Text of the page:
“We hit it off and we became friends very quickly,” Scott Selix said of Arbaugh, who studied at the Culinary Institute of America in Hyde Park, N.Y.

It became apparent that Lua’s kitchen wasn’t designed for a chef of Arbaugh’s caliber, Selix said. Once Lua became established, Selix said he began looking for a way to better show off Arbaugh’s culinary skills.

“We wanted to do something that was more suited to his skill set,” Selix said. That’s when talks began about opening a second brewery and eventually transitioned to discussions about a restaurant.

Either/Or will “have the same commitment to quality that we have at Lua,” Selix said. “If you want to get a $15 sandwich, you can do that. If you want a $35 to $40 steak, you’ll be able to do that, too.”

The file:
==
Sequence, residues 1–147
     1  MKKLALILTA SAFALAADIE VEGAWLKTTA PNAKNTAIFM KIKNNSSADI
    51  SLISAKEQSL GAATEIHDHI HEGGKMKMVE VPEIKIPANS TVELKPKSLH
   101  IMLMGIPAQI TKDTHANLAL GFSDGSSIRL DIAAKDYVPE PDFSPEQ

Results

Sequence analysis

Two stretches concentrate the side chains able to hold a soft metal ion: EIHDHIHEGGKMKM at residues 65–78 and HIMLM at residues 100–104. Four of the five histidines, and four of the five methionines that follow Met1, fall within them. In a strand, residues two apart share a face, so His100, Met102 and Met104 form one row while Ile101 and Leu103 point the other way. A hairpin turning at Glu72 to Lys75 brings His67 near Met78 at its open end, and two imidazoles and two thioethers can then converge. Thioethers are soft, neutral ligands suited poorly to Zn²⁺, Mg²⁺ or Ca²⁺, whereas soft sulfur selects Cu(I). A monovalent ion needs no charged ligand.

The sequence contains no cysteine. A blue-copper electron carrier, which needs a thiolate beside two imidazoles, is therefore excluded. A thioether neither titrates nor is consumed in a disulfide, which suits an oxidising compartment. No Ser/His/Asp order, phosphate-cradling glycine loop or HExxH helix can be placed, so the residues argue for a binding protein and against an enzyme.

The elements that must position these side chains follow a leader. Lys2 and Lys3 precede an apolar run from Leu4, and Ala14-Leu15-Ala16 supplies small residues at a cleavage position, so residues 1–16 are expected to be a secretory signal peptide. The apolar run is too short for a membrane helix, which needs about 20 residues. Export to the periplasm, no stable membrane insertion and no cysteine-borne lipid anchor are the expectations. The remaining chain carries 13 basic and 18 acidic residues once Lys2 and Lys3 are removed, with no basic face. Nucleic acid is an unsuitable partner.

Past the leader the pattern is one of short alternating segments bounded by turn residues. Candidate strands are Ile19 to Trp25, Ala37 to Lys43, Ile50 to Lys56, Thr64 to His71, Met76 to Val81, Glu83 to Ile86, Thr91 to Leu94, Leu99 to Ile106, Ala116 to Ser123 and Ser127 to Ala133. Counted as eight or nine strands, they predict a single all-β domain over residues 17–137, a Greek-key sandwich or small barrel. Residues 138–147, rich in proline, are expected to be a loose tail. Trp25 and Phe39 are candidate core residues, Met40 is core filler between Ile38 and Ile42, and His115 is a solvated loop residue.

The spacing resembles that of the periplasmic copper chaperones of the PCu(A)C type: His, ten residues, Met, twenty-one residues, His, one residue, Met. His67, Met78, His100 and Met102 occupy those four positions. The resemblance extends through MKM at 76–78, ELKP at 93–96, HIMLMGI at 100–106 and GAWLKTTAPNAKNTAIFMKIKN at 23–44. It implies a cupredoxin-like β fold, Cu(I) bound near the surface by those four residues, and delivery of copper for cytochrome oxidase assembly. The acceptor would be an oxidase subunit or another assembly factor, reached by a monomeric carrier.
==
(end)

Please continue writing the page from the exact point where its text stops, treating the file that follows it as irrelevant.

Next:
Beer brewed at Lua and other Iowa breweries will be served at Either/Or, which will also have an extensive cocktail menu.

Selix said Either/Or and Lua won’t compete with each other.

“They are different from each other – one is more of a brewery taproom; the other is a restaurant with large patio,” he said. “Our goal is that people will learn about Either/Or from Lua and about Lua from Either/Or. We are creating a bigger market for both businesses.”

Online video: See the children’s playscape at Either/Or restaurant and hear Scott Selix describe why it was added by clicking here.


Kathy A. Bolten

Kathy A. Bolten is a senior staff writer at Business Record. She covers real estate & development, law & government and retail.